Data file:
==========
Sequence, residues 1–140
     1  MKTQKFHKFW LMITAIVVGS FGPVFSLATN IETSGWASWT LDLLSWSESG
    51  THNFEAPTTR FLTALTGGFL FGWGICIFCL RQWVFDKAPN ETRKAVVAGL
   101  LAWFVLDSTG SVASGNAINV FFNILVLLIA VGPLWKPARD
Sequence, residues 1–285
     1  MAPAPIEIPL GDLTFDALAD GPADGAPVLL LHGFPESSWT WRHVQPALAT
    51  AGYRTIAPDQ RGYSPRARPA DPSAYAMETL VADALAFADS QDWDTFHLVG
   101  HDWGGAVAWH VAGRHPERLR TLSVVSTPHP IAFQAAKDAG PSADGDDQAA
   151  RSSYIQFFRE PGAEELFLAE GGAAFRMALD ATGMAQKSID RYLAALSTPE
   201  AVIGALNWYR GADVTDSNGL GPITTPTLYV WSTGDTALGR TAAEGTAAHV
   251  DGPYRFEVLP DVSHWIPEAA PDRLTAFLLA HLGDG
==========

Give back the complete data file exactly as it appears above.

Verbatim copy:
Sequence, residues 1–140
     1  MKTQKFHKFW LMITAIVVGS FGPVFSLATN IETSGWASWT LDLLSWSESG
    51  THNFEAPTTR FLTALTGGFL FGWGICIFCL RQWVFDKAPN ETRKAVVAGL
   101  LAWFVLDSTG SVASGNAINV FFNILVLLIA VGPLWKPARD
Sequence, residues 1–285
     1  MAPAPIEIPL GDLTFDALAD GPADGAPVLL LHGFPESSWT WRHVQPALAT
    51  AGYRTIAPDQ RGYSPRARPA DPSAYAMETL VADALAFADS QDWDTFHLVG
   101  HDWGGAVAWH VAGRHPERLR TLSVVSTPHP IAFQAAKDAG PSADGDDQAA
   151  RSSYIQFFRE PGAEELFLAE GGAAFRMALD ATGMAQKSID RYLAALSTPE
   201  AVIGALNWYR GADVTDSNGL GPITTPTLYV WSTGDTALGR TAAEGTAAHV
   251  DGPYRFEVLP DVSHWIPEAA PDRLTAFLLA HLGDG